Java is one of the most popular programming languages amongst hackers due to its versatility and cross-platform compatibility. Hacking involves a large range of tasks that require different skills, tools, and techniques. Java offers many options for hackers looking to perform various tasks, including web application penetration testing, port scanning, IP address spoofing, data exfiltration, password cracking, and more. The language is also platform-independent, with code able to run on any device running the Java Virtual Machine. Additionally, the vast availability of libraries allows developers greater efficiency when writing code since they do not need to reinvent the wheel for every task. All these features make Java an attractive choice for savvy hackers seeking access to sensitive data or systems.


Ruby

Ruby provides all the necessary features for writing exploits and penetration testing tools. Metasploit – the popular open-source framework for exploiting vulnerabilities – is written in Ruby, allowing security experts to extend it with their own custom code, giving them greater flexibility and control over their tasks. It is also quite simple to pick up compared to more complex languages like C and C++, making it easier and faster for hackers to get results. All these reasons make Ruby a powerful tool for anyone interested in getting into hacking and cybersecurity.


Perl

Perl is a favored programming language among hackers due to its wide range of capabilities, making it a great tool for penetration testing and other hacking activities. Perl allows users to process text, manipulate files and data, do network communications and even handle graphics. Additionally, Perl is highly extensible, with the ability to call other programs and libraries in different languages, making Perl an excellent choice when writing large-scale scripts. Overall, Perl's versatility makes it a well-suited option for hacking purposes that require broad functionality.


Bash

Bash is the go-to choice for many hackers due to its robust capability when it comes to hacking tools. Its shell scripting ability leads to simple scripts that provide quick results in penetration testing and allow hackers to gain access. Bash also provides "Living off the Land" abilities, allowing hackers to complete their objectives without downloading additional files and tools, as well as allowing automation of frequent tasks. Because Bash is based on Unix, it is compatible with most operating systems, making it incredibly versatile.


Assembly

Assembly is a particularly popular language for hackers because it allows more direct access to computer architecture than many alternatives. Less abstraction enables greater control and, in certain cases, faster speeds while performing penetration testing using your own custom-made tools. Hacking with Assembly allows the user to delve deeper into the inner workings of software and hardware without being confined by structured high-level programming languages. An experienced hacker can toy around with microprocessors and system instructions to increase efficiency and tighten the security of their projects or those of a client. Hacking endeavors concerning cracking programs or injecting code into existing software can also be enabled with Assembly, offering plenty of stimulating avenues for exploration and opportunities for enhancement.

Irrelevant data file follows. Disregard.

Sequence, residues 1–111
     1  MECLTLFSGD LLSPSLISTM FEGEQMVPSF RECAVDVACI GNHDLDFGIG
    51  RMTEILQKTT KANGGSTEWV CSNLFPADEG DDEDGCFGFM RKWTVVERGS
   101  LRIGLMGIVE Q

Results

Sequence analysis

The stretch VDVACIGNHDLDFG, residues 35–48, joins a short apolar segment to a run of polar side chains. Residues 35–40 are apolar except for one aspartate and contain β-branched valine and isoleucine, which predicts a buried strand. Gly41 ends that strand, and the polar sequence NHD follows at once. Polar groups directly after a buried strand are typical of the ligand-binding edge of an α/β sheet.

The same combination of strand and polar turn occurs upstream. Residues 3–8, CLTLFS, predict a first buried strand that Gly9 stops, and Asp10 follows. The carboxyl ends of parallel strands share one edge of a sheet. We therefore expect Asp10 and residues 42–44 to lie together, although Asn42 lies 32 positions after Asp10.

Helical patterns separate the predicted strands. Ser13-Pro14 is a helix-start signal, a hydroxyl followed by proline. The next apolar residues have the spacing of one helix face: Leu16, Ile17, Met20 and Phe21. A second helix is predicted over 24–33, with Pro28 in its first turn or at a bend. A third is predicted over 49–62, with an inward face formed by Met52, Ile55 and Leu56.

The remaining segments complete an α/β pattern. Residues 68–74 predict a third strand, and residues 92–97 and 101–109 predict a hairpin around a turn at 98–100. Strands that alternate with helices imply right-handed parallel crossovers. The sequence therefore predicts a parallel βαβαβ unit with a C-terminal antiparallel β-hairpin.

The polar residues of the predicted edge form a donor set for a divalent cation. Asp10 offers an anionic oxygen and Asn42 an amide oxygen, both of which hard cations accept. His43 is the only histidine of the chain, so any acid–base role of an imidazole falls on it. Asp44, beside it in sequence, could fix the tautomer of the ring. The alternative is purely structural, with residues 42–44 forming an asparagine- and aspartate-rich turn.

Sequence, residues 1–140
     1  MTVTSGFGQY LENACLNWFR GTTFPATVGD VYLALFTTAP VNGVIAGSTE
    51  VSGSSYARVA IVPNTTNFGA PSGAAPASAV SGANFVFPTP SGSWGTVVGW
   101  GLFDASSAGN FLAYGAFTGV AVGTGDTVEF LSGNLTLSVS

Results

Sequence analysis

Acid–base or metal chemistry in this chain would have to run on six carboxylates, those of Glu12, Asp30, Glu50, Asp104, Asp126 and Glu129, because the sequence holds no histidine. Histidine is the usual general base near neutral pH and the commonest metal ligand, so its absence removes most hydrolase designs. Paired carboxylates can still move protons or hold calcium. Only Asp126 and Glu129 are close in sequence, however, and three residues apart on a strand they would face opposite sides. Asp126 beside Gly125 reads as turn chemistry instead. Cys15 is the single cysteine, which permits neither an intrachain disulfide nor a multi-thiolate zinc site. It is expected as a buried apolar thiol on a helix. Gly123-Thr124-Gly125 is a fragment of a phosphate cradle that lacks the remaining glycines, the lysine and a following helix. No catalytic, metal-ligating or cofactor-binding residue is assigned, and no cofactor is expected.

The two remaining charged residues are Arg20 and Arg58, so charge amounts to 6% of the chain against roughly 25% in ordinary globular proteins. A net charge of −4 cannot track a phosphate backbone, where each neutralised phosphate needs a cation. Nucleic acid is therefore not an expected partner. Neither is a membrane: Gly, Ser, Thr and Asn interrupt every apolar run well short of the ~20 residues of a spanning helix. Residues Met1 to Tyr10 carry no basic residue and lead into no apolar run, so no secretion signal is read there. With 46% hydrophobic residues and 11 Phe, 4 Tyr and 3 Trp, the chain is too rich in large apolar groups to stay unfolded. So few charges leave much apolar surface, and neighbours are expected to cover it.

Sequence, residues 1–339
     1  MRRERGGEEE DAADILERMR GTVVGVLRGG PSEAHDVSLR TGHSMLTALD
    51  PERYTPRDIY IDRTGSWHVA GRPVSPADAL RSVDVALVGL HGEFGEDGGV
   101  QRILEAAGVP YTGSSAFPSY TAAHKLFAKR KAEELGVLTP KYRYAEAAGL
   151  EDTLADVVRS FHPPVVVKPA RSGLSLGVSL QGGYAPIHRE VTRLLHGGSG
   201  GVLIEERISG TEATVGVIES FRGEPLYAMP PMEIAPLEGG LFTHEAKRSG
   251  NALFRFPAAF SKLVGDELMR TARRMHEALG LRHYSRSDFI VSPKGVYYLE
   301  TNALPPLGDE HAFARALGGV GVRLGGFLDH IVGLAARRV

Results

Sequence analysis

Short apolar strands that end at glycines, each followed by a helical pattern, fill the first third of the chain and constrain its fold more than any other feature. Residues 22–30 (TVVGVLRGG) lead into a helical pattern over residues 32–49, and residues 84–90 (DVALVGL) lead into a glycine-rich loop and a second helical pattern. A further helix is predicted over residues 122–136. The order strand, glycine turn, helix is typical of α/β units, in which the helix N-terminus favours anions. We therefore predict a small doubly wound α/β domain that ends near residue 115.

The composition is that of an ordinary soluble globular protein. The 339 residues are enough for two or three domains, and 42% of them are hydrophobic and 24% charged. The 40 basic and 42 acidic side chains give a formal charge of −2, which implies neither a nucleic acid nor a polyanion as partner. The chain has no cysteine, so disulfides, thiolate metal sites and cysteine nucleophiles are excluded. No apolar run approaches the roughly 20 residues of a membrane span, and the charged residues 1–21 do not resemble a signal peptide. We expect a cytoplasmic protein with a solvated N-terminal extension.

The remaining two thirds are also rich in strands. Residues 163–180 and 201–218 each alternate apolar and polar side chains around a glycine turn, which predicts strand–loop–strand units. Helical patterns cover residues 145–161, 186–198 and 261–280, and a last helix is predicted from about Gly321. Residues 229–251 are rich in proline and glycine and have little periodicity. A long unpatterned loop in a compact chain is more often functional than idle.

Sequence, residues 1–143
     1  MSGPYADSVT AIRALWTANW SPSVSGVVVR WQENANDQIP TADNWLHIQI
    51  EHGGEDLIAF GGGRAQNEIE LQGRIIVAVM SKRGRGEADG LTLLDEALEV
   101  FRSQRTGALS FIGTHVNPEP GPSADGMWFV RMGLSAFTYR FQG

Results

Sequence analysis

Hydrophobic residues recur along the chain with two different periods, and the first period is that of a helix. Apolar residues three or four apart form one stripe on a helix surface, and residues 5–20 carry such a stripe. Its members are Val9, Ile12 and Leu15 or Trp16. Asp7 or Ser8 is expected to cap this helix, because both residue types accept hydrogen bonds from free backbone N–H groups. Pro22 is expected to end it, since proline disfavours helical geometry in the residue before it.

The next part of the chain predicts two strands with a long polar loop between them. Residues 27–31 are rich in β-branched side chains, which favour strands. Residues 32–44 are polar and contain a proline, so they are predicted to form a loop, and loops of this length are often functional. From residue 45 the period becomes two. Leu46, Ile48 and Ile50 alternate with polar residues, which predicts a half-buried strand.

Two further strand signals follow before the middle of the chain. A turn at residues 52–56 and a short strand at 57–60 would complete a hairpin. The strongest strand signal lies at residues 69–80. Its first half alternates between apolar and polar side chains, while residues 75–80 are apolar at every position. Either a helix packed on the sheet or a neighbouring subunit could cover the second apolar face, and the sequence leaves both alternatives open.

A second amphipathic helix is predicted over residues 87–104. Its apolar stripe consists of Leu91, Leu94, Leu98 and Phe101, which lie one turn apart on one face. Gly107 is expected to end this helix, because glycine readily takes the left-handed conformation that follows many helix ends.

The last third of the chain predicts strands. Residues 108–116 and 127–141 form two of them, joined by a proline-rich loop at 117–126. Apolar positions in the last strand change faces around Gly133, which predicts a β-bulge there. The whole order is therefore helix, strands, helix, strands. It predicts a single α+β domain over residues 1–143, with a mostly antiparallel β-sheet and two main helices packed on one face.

Conclusion

Hacking is a large and complex field encompassing many activities, tools, and techniques. While many programming languages can be used for hacking purposes, I've outlined the top 10 most popular ones here. Each language has its own unique strengths and benefits that make it well-suited for certain tasks. So regardless of your level of expertise or interests, there's sure to be a programming language right for you when it comes to writing code that enables you to do your hacking objectives.


How was this list generated?

I was curious about which programming languages were the best/most popular for hackers and penetration testers. So I googled "Top programming languages for hackers." Immediately it was evident that every website had its own bias and opinions, and everyone presented their list in a different order from each other. It was hard to determine which ones were actually more popular than the others. I wanted to take a sample from multiple sources and generate a new list that "averaged" them together. I used 30 sources (in statistics, 30 is generally considered a good sample size in most situations).


The first 28 sources came from the first 28 links displayed to me on google. One source was the first YouTube video displayed, and the last source was the programming languages in the CompTIA PenTest+ PT0-002 objectives. From there, I tallied the number of occurrences each programming language showed, and I ranked each programming language based on how many times they were mentioned across the 30 sources. For example, Python was mentioned 29/30 times (which is why it's at the top of my list).


SQL and Javascript were tied in the number of occurrences and ranked in the same spot on average. To break the tie, I chose SQL because it was ranked higher on average from the sources on the first page of Google. On page three, Javascript was ranked higher on average, while page 2 was about even. These two are almost at the same popularity level.


Java, PHP, and Ruby were also tied in the number of occurrences. I used the same method to break the tie as SQL and Javascript. I looked at their average placement, and PHP was ranked higher than Java and Ruby 15 times, while Java ranked higher ten times and Ruby 4 times. I then used the same comparison between Java and Ruby. Java ranked higher than Ruby 19 times, while Ruby ranked higher eight times. Remember that all programming languages are not mentioned in every source. So that's why they don't add up to 30 if you're doing the math.


Overall, I think I used a good method to rank the programming languages based on popularity rather than their usefulness or features. The goal was to determine what programming languages I should learn that would make me more valuable in the industry. I hope my research is as useful to you as it was to me.